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New Guinea Singing Dogs


NGSD adult pair.email.jpg

The other type of dog we used to keep is the New Guiena singing dog. This is a dingo, a wild dog, from the mountains of the island of New Guiena. The pair above, male Kai in back and female Buna in front, were two of our first Singers. Jan started studying them in 1995 when she got her first three puppies, and she started the New Guinea Singing Dog Conservation Society in 1997 to work toward conservation of these very rare and unusual wild dogs. All of our Singers have passed on as of 2016.


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This is Petey, a 9 mos. old male looking for birds. Singers often stand/hop/walk on their hind legs when hunting for birds in trees and bushes. Singers have many unique traits and behaviors compared to all other dogs and wild canids. They have been separated from modern domestic dogs for at least 4,000 years from dating of DNA, but Jan believes it is probably more like 12,000 years. At minimum they are the last pure line of early dog, and may be ancestral to the Australian dingo, which today is 80% hybriized with modern domestic dogs. The NGSD Conservation Society's web site for more information is: http://newguinea-singing-dog-conservation.org/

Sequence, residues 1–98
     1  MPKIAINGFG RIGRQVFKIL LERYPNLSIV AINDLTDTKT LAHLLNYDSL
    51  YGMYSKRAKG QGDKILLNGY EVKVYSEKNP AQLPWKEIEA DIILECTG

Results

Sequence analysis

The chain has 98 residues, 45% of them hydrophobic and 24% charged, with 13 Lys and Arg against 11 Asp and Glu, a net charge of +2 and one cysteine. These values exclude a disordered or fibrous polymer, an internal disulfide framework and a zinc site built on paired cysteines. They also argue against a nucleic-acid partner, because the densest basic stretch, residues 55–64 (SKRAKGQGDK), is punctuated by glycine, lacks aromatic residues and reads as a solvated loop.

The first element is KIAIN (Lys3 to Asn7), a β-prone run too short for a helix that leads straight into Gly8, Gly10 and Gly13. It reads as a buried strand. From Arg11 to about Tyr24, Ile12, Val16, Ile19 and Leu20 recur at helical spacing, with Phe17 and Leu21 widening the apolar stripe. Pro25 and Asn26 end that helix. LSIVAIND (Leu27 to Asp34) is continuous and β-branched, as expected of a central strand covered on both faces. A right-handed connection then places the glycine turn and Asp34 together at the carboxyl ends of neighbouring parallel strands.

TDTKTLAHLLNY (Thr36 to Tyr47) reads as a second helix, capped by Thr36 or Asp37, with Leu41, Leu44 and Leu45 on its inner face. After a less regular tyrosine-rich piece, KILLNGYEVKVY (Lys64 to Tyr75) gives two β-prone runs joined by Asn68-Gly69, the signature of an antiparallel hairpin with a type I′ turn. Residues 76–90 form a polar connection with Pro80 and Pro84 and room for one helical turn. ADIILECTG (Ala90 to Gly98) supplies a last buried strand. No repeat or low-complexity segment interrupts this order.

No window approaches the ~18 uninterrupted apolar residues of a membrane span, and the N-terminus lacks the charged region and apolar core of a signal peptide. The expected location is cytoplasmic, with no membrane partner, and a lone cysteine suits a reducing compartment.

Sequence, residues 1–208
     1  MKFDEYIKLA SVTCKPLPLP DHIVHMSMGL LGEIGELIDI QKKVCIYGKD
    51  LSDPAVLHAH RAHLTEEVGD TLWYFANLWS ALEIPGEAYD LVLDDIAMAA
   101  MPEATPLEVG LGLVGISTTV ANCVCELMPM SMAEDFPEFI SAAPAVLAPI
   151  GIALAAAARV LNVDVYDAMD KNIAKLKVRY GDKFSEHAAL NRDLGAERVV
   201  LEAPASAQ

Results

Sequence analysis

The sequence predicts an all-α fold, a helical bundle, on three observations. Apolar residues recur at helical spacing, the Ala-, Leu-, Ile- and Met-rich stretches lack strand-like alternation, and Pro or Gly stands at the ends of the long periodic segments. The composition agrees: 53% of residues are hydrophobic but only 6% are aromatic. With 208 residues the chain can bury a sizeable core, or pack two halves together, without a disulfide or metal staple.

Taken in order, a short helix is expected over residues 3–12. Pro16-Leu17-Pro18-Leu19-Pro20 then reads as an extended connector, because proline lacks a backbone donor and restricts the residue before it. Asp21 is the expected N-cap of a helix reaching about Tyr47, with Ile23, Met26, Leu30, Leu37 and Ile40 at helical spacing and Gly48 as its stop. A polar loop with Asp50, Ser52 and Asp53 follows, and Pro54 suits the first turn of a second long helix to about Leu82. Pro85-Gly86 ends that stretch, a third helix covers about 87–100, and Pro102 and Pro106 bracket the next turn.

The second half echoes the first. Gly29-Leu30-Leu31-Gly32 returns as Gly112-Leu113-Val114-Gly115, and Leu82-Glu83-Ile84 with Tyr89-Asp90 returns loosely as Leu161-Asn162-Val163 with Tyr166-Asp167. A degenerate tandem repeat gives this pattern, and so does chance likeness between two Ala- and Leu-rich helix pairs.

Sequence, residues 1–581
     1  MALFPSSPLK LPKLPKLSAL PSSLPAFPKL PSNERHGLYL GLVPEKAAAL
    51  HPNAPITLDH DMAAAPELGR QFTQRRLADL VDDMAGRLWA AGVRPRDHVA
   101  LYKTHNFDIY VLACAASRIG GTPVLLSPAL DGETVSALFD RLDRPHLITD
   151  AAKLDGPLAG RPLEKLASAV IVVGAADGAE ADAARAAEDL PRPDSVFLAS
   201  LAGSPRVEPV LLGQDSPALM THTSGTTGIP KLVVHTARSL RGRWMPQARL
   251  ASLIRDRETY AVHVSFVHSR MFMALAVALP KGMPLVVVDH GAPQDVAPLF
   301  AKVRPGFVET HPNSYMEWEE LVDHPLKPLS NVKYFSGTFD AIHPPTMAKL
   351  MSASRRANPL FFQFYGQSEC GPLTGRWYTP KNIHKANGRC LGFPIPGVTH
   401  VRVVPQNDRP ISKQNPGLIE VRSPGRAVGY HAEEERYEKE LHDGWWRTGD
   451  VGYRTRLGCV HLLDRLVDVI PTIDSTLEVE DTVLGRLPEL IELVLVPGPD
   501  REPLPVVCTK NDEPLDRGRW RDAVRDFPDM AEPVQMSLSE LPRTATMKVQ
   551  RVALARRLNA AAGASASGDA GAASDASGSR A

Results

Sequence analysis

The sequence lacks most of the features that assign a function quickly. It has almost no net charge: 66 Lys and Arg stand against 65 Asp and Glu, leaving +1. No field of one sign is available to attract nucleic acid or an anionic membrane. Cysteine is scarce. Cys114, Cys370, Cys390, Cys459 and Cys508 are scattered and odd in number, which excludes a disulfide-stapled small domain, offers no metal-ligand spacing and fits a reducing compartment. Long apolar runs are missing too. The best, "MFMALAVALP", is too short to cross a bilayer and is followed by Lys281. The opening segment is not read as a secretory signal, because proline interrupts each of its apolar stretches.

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The Singers have separate quarters from the Ridgebacks. They need extra-secure fencing with climb and dig barriers. There are always two gates between the Singers and the outside world. This is one of their exercise pens. Their kennel runs are enclosed under the end of the barn.


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This is another view of the Singer pens. There is a second exercise pen off to the left. It is furnished with ramps, dog houses and cement culverts for playing and climbing.